Cromwell at Dunbar by Andrew Carrick Gow

The Calvinists were in support of Charles II when he became King and signed both the Covenants in 1649. Cromwell, however, was not. With sixteen thousand men he invaded Scotland in July and headed for Edinburgh, expecting to rendezvous with his supply ships at Leith. David Leslie and the Scots army did not let him.

By August Cromwell had backtracked to Dunbar. As the Scots followed, Covenanting ministers dismissed from among them any who did not meet their godly standards. Least satisfactory were the professional soldiers, most of whom were told to leave, and Leslie’s force dropped by five thousand, leaving what was described by an appalled officer as ‘an army of clerks and ministers’ sons’.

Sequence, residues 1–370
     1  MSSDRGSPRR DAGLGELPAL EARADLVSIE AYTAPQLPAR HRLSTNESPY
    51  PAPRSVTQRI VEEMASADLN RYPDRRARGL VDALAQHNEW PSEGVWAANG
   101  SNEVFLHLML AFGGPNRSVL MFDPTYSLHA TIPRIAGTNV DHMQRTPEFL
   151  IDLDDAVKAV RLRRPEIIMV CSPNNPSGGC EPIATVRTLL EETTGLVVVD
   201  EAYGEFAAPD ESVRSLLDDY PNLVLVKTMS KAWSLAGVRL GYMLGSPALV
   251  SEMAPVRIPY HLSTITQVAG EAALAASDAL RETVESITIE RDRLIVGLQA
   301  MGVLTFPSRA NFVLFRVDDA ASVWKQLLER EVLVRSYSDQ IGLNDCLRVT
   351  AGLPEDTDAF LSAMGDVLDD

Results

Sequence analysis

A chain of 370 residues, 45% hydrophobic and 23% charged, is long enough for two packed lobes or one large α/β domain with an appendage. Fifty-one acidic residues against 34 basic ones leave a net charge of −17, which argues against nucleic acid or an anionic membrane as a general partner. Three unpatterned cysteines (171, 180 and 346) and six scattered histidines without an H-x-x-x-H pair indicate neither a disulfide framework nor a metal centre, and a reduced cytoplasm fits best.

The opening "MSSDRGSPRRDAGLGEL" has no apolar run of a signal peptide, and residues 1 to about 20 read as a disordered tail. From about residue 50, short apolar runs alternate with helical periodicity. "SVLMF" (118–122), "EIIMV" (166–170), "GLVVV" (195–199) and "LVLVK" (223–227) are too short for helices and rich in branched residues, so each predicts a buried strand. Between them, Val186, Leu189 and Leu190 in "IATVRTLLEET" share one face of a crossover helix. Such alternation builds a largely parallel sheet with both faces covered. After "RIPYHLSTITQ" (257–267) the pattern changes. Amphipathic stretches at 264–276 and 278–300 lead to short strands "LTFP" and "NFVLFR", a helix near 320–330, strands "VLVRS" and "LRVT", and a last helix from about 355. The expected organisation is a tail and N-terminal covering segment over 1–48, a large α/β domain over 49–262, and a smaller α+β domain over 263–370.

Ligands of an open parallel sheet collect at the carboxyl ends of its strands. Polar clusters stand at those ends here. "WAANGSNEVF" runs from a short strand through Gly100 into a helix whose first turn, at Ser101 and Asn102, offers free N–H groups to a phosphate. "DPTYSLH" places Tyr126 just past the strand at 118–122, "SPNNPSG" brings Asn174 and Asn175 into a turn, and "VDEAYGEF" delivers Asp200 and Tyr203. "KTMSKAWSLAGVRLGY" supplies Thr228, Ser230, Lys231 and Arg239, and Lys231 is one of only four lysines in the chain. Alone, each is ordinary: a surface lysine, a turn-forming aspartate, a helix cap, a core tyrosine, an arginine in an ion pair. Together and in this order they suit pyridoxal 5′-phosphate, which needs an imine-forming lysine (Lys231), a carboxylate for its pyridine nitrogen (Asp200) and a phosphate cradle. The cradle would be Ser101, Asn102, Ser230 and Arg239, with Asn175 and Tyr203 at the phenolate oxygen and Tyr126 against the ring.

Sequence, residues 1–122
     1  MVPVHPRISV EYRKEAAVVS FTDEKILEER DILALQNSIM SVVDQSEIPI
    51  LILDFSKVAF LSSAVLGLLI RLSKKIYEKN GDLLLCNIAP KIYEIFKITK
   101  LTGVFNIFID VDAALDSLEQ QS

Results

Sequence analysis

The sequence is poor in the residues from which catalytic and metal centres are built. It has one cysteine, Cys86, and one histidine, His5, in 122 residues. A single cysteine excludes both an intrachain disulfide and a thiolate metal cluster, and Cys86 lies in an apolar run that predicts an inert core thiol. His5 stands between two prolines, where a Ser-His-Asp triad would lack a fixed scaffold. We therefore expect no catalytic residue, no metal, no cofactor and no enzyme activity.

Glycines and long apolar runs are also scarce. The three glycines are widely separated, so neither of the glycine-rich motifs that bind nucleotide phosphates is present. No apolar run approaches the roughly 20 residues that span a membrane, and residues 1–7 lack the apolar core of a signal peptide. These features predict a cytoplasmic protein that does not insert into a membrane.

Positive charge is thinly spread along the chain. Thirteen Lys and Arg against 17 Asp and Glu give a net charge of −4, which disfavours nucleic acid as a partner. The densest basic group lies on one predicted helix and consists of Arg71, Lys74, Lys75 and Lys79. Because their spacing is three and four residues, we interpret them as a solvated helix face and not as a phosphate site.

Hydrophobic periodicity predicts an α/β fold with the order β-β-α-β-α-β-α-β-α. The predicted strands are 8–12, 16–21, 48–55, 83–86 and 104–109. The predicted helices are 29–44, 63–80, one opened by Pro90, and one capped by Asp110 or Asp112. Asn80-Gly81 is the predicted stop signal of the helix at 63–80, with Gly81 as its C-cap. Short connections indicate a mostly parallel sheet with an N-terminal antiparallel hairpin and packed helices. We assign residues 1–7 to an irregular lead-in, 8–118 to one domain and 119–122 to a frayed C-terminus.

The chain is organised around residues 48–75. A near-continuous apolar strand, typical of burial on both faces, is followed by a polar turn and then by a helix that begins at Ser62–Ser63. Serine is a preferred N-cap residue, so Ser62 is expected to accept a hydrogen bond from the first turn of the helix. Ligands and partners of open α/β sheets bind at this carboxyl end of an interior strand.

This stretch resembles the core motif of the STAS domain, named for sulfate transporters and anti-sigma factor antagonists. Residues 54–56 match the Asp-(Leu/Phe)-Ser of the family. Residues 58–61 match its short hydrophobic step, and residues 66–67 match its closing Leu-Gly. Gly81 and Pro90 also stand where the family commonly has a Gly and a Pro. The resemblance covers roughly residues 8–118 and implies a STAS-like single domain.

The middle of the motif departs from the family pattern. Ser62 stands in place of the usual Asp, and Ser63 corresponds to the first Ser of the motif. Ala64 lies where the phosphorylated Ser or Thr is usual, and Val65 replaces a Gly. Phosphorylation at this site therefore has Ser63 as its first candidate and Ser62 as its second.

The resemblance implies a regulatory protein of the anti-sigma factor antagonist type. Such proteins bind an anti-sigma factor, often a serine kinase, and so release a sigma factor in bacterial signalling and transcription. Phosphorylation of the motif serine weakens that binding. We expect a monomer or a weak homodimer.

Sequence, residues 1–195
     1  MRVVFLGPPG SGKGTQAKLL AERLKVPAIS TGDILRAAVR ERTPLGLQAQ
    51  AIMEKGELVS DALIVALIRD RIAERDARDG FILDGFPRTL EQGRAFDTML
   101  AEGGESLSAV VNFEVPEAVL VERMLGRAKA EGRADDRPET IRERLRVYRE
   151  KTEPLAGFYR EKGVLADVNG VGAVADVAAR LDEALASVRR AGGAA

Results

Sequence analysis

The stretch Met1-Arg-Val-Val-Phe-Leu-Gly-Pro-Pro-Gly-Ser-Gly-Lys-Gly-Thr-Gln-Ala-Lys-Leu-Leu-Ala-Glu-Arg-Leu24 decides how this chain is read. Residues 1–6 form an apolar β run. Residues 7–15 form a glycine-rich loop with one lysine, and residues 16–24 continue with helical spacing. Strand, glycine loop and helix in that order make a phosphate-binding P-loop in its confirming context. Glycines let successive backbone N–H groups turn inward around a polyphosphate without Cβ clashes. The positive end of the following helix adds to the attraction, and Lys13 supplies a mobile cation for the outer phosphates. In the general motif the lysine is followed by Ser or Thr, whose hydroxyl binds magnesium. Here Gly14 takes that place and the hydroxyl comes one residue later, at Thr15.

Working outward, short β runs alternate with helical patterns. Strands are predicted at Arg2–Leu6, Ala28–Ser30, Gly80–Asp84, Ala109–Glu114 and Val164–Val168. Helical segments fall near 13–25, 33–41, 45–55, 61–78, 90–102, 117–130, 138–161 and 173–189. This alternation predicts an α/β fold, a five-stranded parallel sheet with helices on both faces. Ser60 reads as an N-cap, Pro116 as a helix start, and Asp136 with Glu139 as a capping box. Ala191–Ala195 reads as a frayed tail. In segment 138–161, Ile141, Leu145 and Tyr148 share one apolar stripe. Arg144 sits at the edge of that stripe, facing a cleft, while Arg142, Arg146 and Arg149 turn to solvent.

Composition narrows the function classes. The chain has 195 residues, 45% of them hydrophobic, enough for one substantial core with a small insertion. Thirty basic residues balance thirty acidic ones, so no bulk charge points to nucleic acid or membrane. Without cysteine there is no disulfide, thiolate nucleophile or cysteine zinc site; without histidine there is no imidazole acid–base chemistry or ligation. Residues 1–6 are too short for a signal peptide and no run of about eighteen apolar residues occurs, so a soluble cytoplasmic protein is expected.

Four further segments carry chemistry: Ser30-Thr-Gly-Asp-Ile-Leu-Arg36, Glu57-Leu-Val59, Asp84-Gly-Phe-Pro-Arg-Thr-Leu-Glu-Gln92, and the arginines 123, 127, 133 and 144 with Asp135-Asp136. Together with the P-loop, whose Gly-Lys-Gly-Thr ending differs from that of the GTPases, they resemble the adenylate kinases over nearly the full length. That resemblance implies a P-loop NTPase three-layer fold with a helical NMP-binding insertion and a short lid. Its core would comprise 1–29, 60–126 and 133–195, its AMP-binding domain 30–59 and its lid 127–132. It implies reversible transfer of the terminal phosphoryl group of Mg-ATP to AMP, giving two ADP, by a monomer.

Even so, by September Cromwell’s men were pushed up against the sea at Dunbar with no sign of their supplies, and with their premium position on Doune Hill above, the Scots had only to wait for the already weak enemy to surrender.

Patience was not among the fervent ministers’ virtues. Ignoring Leslie and knowing nothing of military tactics, they sent his twenty thousand men down the hill.

It was the consummate military blunder.

Three thousand were killed and ten thousand captured. Edinburgh Castle belonged to Cromwell by December.